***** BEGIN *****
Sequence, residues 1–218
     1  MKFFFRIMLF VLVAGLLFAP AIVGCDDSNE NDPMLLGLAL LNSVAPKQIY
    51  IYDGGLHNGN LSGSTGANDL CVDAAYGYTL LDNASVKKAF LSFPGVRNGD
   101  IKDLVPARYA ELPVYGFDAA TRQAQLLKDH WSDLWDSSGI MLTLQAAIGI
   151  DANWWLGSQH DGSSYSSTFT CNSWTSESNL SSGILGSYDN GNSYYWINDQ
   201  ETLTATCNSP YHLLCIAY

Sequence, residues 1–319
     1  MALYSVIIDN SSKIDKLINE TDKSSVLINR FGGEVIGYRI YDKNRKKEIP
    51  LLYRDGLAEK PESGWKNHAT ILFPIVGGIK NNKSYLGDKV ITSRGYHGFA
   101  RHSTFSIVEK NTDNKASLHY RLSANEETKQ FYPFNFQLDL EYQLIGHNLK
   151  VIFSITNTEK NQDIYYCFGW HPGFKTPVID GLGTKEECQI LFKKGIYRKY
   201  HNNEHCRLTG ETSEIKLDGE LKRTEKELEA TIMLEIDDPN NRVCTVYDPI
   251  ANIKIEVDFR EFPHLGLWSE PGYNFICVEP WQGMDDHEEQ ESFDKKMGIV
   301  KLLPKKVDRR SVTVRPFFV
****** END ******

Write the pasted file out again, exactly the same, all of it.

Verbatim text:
Sequence, residues 1–218
     1  MKFFFRIMLF VLVAGLLFAP AIVGCDDSNE NDPMLLGLAL LNSVAPKQIY
    51  IYDGGLHNGN LSGSTGANDL CVDAAYGYTL LDNASVKKAF LSFPGVRNGD
   101  IKDLVPARYA ELPVYGFDAA TRQAQLLKDH WSDLWDSSGI MLTLQAAIGI
   151  DANWWLGSQH DGSSYSSTFT CNSWTSESNL SSGILGSYDN GNSYYWINDQ
   201  ETLTATCNSP YHLLCIAY

Sequence, residues 1–319
     1  MALYSVIIDN SSKIDKLINE TDKSSVLINR FGGEVIGYRI YDKNRKKEIP
    51  LLYRDGLAEK PESGWKNHAT ILFPIVGGIK NNKSYLGDKV ITSRGYHGFA
   101  RHSTFSIVEK NTDNKASLHY RLSANEETKQ FYPFNFQLDL EYQLIGHNLK
   151  VIFSITNTEK NQDIYYCFGW HPGFKTPVID GLGTKEECQI LFKKGIYRKY
   201  HNNEHCRLTG ETSEIKLDGE LKRTEKELEA TIMLEIDDPN NRVCTVYDPI
   251  ANIKIEVDFR EFPHLGLWSE PGYNFICVEP WQGMDDHEEQ ESFDKKMGIV
   301  KLLPKKVDRR SVTVRPFFV